GO First Steps

GO First Steps

First program

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4 min read

I started to learn Go. I was looking to learn a new language, specially a language not related to Microsoft. Not that I have anything against them, but most of my career I've been working with programming languages and other technologies developed by Microsoft and wanted to try something different.

I was debating myself between Rust and Go. I wanted to learn a typed compiled multi use language that was fast but also modern. Rust is the trend now, but I've heard you have to relearn many things so that you can please the compiler (more specifically the borrow checker) so that your applications are safe. I actually think that's cool. On the other hand, Go is also memory safe, but in a different way: it's a garbage collector language. Which means that you don't care what happens to the memory you allocate for a specific function after you finished using it, because the runtime does it for you - with a performance cost, obviously.

Last week I was having a conversation with my boss at work and he mentioned that we were using Go for some projects, so I decided it'd have a look at it. I like it very much so far.

I will write some notes on my learning. But I won't be too academic. If you want to be able to get it up and running quickly, this is your place. If you want the history, why, and so on, look somewhere else.

Installation

First thing we need to do is to install the Go compiler and all the tools associated. Thankfully, it's just one installer that we have to run. In my case, I'm running the old and good Linux Mint (it never fails so I love it).

We need to go to https://go.dev, where we can download a compressed file. For the steps on how to install it, go to https://go.dev/doc/install, and select your operating system. I followed the steps for Linux, but with some modifications:

In the first step I changed this:

 rm -rf /usr/local/go && tar -C /usr/local -xzf go1.21.5.linux-amd64.tar.gz

to this:

sudo tar -C /usr/local -xzf go1.21.5.linux-amd64.tar.gz

The second step tells you to execute this command:

export PATH=$PATH:/usr/local/go/bin

That's fine, but not enough. If you just run that, you'd be adding the path of Go's installation to the PATH variable, which will let you run the command go anywhere and make it work. However, that will only work in your current session. As soon as you close your terminal and re-open it, it won't work anymore and you'll have to run that command again.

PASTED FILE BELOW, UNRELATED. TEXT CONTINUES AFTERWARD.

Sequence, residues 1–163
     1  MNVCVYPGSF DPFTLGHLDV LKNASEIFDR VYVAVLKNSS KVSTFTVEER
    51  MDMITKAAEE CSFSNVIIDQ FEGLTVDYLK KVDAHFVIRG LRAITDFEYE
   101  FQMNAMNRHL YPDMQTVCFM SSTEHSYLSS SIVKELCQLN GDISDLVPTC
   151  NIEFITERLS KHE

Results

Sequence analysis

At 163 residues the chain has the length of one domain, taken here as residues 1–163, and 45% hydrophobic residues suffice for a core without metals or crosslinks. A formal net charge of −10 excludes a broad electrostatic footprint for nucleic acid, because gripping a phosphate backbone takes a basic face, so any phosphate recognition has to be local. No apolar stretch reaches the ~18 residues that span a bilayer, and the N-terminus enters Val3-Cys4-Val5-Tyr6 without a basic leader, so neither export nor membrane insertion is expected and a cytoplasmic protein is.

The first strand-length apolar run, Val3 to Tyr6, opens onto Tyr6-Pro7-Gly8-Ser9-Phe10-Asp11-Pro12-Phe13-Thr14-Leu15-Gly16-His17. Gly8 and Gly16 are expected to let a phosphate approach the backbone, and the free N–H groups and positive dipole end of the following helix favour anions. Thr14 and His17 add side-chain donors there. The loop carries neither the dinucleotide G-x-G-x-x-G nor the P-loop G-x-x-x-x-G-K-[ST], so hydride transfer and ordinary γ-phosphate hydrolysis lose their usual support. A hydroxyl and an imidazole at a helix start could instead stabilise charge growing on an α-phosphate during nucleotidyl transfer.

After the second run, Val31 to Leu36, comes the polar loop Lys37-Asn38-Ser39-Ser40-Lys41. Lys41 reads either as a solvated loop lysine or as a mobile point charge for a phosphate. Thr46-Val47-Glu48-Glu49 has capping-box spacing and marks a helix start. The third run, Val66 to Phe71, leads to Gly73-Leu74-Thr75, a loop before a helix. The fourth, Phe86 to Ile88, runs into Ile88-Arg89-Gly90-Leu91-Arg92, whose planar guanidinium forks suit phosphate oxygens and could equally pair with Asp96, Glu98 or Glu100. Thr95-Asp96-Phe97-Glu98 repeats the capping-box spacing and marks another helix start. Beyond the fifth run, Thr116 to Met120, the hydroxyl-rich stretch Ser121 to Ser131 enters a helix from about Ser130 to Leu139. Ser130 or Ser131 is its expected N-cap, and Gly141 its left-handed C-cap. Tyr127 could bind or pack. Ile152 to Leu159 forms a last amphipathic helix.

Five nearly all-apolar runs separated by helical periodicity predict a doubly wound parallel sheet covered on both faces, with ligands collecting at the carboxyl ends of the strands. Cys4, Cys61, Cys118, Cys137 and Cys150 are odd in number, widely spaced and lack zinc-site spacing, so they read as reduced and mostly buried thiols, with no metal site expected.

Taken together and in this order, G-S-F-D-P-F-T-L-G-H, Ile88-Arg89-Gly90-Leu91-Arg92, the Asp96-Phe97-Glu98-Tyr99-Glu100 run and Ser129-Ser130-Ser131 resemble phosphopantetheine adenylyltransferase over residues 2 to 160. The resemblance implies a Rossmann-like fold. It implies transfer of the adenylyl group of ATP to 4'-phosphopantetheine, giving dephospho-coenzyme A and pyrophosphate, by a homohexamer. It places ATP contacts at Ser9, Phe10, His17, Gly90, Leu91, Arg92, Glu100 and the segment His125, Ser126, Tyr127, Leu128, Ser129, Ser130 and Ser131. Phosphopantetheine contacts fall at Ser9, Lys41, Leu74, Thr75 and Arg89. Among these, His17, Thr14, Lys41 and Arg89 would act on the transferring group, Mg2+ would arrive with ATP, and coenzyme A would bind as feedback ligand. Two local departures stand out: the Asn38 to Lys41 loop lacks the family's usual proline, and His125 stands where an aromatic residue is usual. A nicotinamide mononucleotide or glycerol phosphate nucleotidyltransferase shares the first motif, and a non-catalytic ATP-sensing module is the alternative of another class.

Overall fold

If you want to avoid that, in the terminal go to your home folder, and edit the file called .bashrc with this command:

nano .bashrc

Go to the end of the file and append this:

export PATH=$PATH:/usr/local/go/bin

Save the file and you'll be good to go.

You can now restart your terminal and try this command to make sure that go is properly installed and configured.

go version

It will show you something like this:

go version go1.21.5

First program

To create a program, we need to run this command:

go mod init myprogram

With this we're calling Go and telling it to create a new module called "myprogram". Make sure to run this command inside the directory where you want your program to be created.

We will open that folder in a code editor. You'll see that there's a file called go.mod with something like this inside:

module myprogram

go 1.21.5

It seems to have some information about our project.

We will add a new file called main.go and we'll add some code there.

Code

package main

func main() {
    println("Free Palestine πŸ‰!")
}

This code is pretty easy to understand, but I'll try to explain it anyways.

The first line defines the name for the package we are creating. A package is like something that groups files and other packages. It can be thought as a directory in an operating system, or a namespace in C#. Go programs always start executing function main in package main.

The second line is the declaration of the main function which, as I just said, gets executed first.

Then we print in the terminal a very beautiful message, by using the println function that comes out of the box in Go.

Another version

package main

import "fmt"

func main() {
    fmt.Println("Free Palestine πŸ‰!")
}

This version does exactly the same than the previous one. The only difference is that we're using the function Println instead of println (note the capitalization). At this moment I don't know the difference between them, but I've heard that this new version is more versatile so it's the most used one. The Println function is part of another package called frm, which also comes out of the box. But, as it's another package, we need to import it. That's what we do in the third line.

Last words

Well, I guess that's it for now. I you made it to the end of this article, thank you. I will write another post soon writing about variables, constants and data types. Stay tuned.

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